An emphatic "boo" to the first part of this week as there is this sense of boringness outside of April's ISM manufacturing and China PMI reports.
I like action, preferring to be walloped with earnings report after earnings report and conference calls as they illuminate facts the market may have failed to spot, or fully understand, months earlier. Perhaps I have Apple (AAPL) earnings season hangover. Whatever the case, this much is for sure: silly season has partially reared its head.
In the past, I have referred to silly season as the period right after quarterly earnings and the start of the next round of releases. In between, investors are forced to guess how companies are performing (preannouncements are not on offer) and the most minuscule of news gets pumped with enough air to make it appear to be a giant positive or negative event for equities. Yesterday in "Day Ahead," there was a coy shout out to silly season being upon us as I said this will be a trade the news week due to a soft patch in earnings season and prominence of key macro data. So, why not join me in silly season on the Street as I scour for anything that could derail the enthusiasm that emerged in the second portion of last week's trading session or throw gas on it prior to April nonfarm payrolls.
Silly Season Sightings
Goldman Graces our Presence
If you waited to make adjustments to the portfolio until Goldman reduced its employment projections to 125,000 and asserted itself as being near-term negative, then not enough dot-connecting was done in April. That has to change in May against a backdrop of sell-in-May chants. This month I would like for you to circle the following dates on the calendar, in addition to watching carefully initial claims every Thursday (do we climb above 400,000?).
- May 15 Empire State Manufacturing. The employment component to the April numbers rose to its highest level in nearly a year. Given the how the Chicago PMI panned out, and the end result of manufacturing employment in Friday's April jobs report, Empire State is the numero uno place to be on the lookout for employment conditions transitioning from the overused economist term "soft patch" to something a bit more concerning.
- May 17 Philly Fed. There was a large headline miss for April vs. expectations. Like the Empire State, the employment component was a bright spot, reaching an 11-month high. Your thought process should be consistent to what I suggested above.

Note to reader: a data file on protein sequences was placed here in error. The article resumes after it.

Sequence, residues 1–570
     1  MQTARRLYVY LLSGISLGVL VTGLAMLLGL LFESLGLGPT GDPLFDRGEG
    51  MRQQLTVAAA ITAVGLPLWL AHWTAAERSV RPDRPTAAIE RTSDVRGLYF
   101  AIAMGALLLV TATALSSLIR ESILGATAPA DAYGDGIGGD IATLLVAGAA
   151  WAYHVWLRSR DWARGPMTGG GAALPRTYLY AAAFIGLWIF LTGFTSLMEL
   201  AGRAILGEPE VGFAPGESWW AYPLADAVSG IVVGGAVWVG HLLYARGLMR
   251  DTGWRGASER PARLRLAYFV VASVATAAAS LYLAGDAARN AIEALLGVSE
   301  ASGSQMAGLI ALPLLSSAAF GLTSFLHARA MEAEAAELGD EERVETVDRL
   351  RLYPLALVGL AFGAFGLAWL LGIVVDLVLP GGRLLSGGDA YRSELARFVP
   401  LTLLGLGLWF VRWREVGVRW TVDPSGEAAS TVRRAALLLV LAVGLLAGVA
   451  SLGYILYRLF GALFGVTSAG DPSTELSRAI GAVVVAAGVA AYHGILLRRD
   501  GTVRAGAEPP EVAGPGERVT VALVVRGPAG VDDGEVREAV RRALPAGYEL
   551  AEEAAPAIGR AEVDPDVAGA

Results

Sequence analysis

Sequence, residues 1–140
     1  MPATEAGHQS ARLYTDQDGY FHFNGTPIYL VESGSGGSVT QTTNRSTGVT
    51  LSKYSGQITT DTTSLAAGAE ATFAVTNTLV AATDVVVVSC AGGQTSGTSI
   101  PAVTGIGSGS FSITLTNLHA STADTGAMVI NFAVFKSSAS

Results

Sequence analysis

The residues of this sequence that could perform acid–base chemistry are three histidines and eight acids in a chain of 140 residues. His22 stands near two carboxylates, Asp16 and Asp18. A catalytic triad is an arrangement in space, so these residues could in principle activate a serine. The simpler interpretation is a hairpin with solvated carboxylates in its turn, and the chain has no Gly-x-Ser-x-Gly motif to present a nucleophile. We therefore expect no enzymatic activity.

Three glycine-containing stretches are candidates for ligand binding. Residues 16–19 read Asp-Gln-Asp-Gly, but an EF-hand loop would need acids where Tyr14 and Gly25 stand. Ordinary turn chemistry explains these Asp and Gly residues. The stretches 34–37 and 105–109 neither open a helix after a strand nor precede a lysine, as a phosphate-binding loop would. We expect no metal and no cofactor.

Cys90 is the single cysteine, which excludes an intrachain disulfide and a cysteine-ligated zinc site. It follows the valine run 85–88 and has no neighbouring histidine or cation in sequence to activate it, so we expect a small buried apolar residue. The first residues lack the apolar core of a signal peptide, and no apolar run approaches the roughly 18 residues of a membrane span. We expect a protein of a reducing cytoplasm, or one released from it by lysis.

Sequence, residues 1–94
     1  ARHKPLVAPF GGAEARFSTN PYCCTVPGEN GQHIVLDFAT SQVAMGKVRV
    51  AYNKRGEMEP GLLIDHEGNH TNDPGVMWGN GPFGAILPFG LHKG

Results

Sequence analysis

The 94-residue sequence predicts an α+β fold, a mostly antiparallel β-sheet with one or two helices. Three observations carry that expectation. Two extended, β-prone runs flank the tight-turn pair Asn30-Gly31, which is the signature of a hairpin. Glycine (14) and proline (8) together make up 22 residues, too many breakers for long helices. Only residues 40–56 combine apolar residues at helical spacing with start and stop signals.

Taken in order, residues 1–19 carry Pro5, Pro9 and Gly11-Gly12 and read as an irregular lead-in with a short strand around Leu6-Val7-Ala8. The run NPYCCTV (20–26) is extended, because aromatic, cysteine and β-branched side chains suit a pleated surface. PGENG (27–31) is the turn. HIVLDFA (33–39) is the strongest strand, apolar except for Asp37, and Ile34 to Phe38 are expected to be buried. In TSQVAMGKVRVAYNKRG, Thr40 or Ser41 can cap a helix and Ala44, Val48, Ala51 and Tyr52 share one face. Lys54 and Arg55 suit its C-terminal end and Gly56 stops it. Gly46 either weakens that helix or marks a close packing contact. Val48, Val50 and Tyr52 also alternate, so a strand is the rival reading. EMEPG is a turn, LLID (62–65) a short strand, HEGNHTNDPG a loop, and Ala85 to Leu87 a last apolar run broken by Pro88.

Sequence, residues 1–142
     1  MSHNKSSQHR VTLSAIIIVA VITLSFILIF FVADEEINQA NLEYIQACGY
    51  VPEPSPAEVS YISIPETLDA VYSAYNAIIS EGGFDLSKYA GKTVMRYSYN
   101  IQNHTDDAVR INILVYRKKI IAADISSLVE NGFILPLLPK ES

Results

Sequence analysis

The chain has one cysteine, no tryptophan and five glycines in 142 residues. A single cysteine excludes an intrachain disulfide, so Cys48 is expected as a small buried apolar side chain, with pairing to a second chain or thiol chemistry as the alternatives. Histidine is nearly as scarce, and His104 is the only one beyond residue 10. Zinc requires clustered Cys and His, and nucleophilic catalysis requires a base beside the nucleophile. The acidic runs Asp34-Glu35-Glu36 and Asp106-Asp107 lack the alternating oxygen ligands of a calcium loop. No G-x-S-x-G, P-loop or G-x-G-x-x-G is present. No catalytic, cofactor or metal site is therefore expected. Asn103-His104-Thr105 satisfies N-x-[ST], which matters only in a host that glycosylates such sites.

- I will leave reports later in the month untouched, just wanted to provide an initial framework for jumping in front of news and various brokerage forecasts.
Is there such a thing as a second quarter? I ask this as corporate commentary is all about the "back half of the year" rather than "yes, we can sustain a portion of first-quarter volume and pricing momentum." The market is simply not receiving sought-after reads on the current quarter and is becoming resigned to trading on EU debt contagion/China growth scare/U.S. factory news in order to rationalize potential second-quarter financial outcomes. It's critical as first-quarter earnings season matures to keep track of second-quarter commentary, whether it's a line conveyed at an investment-bank-held analyst conference or those discussed by late reporters (including retailers). I will reach a bit by pointing to a couple items gleaned from steakhouse chain Texas Roadhouse (TXRH) and home products seller Masco (MAS).
- For Texas Roadhouse, its second-quarter to-date same-restaurant sales are trending higher by 4.8%, in line compared to the projected fiscal year range (4% to 5%). But the growth rate is slower than the first quarter's 6% and year-ago statement at this time of 5.4%. Amid silly season on the Street, pull forward consumer demand in the first quarter and elevated gas prices I have to wonder if the lagging nature of the negative macro headlines in April are beginning to weigh on spending patterns. After all, consumers have shown a desire post-recession to rebuild savings after dipping. A ton of "what ifs" without a doubt, but one has to dissect the information as it's presented to spread it broadly to similar companies and closely-correlated sectors.
- Masco continues to have difficulty in moving big-ticket purchases, specifically cabinets. Want a great example of Pimco's new normal being on display, well here you go. In a below-historical-trend economic recovery, some, not all, companies capture precious discretionary dollars. Take a gander at RadioShack (RSH) and Supervalu (SVU) in contrast to Amazon (AMZN) and Whole Foods (WFM).
- FedEx (FDX) and UPS (UPS) have not fared too well since March 19 or so and earnings from the latter didn't help to bolster sentiment. Leading economic indicator transport stocks struggling while bullishness on first-quarter earnings season permeates minds is not an occurrence that warms the heart. Make sure to read through logistics company CNW's (CNW) earnings today. I think management set expectations low when it announced fourth-quarter results by indicating 2012 is a year of margin focus, but any shift in language from "stable to neutral volumes" would confirm the negatives in a UPS report and the weak stock prices of each top-tier name.
- Office Depot (ODP) always issues tough-to-read financial reports, with moving parts here and there. I have no real opinion on the stock, so will be zeroed in on sales composition (notably computers which have continued to underperform other categories, badly) and if there is a harsher tone on the European business (Office Depot, in my view, was one of the first companies when it announced fourth quarter to sound increasingly negative on Europe, instead of solely negative). In the end, this report should have "companies continue to cut costs and drive productivity measures" written all over it, not good for Office Depot by any stretch of the imagination.